UCL Institute of Ophthalmology


AI used to test very early signs of glaucoma progression

3 May 2020

A study led by Prof Francesca Cordeiro presents a new test that can detect glaucoma progression 18 months earlier than the current gold standard method.

DARC glaucoma study phase 2

A recently developed technology called DARC (Detection of Apoptosing Retinal Cells) identifies cellular level disease activity in the retina.

Developed by UCL Professor of Glaucoma and Retinal Neurodegeneration Francesca Cordeiro, the technology, when supported by an artificial intelligence (AI) algorithm, could help accelerate clinical trials. Eventually it may be used in detection and diagnostics, as described in the Wellcome-funded study published in Expert Review of Molecular Diagnostics today.

The test involves injecting into the bloodstream (via the arm) a fluorescent dye that attaches to retinal cells, and illuminates those that are in the process of apoptosis, a form of programmed cell death. The damaged cells appear bright white when viewed in eye examinations -- the more damaged cells detected, the higher the DARC count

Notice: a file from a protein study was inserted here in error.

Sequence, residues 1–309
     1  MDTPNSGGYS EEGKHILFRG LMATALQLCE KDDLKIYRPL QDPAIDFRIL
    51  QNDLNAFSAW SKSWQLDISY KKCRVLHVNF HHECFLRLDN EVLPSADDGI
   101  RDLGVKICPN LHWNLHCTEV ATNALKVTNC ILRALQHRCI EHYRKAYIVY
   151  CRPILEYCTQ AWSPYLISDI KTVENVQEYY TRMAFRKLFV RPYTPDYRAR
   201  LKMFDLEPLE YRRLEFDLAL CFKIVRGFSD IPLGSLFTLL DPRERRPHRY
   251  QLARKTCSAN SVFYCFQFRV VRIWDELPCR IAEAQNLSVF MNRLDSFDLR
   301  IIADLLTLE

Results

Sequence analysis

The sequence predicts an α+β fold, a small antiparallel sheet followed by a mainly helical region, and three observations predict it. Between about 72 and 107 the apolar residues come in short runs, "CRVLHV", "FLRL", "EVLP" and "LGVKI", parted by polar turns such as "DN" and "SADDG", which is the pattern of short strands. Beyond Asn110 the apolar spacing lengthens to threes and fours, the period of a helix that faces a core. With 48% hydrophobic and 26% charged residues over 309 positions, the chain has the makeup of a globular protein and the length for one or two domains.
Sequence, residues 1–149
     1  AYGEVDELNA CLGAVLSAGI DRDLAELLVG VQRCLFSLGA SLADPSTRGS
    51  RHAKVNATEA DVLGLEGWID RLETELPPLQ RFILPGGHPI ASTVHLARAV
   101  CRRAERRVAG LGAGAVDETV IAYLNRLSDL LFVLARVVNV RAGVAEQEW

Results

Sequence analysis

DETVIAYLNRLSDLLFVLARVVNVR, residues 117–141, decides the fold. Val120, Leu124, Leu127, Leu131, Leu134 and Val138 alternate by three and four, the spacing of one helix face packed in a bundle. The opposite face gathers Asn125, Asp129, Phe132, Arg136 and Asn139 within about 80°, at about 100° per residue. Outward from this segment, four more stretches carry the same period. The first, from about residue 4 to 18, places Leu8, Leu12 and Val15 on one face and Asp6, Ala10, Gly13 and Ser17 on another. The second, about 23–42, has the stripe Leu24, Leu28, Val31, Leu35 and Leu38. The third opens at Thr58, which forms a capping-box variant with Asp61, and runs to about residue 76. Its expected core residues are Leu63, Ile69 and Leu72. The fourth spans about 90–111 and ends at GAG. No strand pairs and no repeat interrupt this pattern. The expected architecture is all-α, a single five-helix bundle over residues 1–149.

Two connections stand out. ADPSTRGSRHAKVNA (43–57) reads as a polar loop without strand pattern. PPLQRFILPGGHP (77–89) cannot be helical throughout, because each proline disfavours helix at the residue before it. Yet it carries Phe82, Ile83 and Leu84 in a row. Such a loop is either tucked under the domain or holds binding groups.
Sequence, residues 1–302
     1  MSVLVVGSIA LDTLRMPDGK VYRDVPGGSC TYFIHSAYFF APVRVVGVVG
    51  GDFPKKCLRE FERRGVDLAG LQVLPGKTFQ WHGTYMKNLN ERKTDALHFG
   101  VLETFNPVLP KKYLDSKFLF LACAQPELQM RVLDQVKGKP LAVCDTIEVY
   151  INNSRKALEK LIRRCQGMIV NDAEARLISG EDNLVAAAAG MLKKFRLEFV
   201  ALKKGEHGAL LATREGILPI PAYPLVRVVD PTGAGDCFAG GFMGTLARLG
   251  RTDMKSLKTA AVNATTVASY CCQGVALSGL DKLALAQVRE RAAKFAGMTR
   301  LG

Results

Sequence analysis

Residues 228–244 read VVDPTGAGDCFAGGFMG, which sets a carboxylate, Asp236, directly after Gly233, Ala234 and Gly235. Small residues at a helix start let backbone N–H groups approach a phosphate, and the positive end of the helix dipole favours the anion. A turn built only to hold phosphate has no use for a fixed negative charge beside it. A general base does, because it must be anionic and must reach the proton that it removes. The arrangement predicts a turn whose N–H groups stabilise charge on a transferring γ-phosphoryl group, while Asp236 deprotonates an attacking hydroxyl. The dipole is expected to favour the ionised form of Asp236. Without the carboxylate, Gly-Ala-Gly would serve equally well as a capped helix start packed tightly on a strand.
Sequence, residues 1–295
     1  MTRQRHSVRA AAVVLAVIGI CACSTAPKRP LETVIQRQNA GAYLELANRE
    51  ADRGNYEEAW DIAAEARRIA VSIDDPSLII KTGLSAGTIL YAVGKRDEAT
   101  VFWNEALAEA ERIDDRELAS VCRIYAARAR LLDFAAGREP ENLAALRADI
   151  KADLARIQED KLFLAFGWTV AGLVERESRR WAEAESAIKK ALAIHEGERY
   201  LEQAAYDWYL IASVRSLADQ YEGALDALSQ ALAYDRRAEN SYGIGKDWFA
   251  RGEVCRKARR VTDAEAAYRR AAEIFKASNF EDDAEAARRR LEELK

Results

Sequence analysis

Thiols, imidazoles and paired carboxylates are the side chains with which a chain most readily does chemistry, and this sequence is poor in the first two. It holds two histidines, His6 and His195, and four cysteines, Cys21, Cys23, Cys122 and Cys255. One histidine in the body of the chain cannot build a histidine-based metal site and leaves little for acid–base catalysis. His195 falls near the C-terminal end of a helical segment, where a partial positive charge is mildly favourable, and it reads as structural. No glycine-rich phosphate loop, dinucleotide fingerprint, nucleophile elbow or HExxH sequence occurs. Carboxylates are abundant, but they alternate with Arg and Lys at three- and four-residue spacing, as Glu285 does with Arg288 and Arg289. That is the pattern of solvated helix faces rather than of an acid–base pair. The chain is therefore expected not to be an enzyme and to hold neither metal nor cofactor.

Prof Cordeiro said: 

These results are very promising as they show DARC could be used as a biomarker when combined with the AI-aided algorithm. What is really exciting, and actually unusual when looking at biological markers, is that there was a clear DARC count threshold above which all glaucoma eyes went on to progress

First author Dr Eduardo Normando (Imperial College London and Western Eye Hospital Imperial College Healthcare NHS Trust) said:

Being able to diagnose glaucoma at an earlier stage, and predict its course of progression, could help people to maintain their sight, as treatment is most successful if provided at an early stage of the disease. After further research in longitudinal studies, we hope that our test could have widespread clinical applications for glaucoma and other conditions.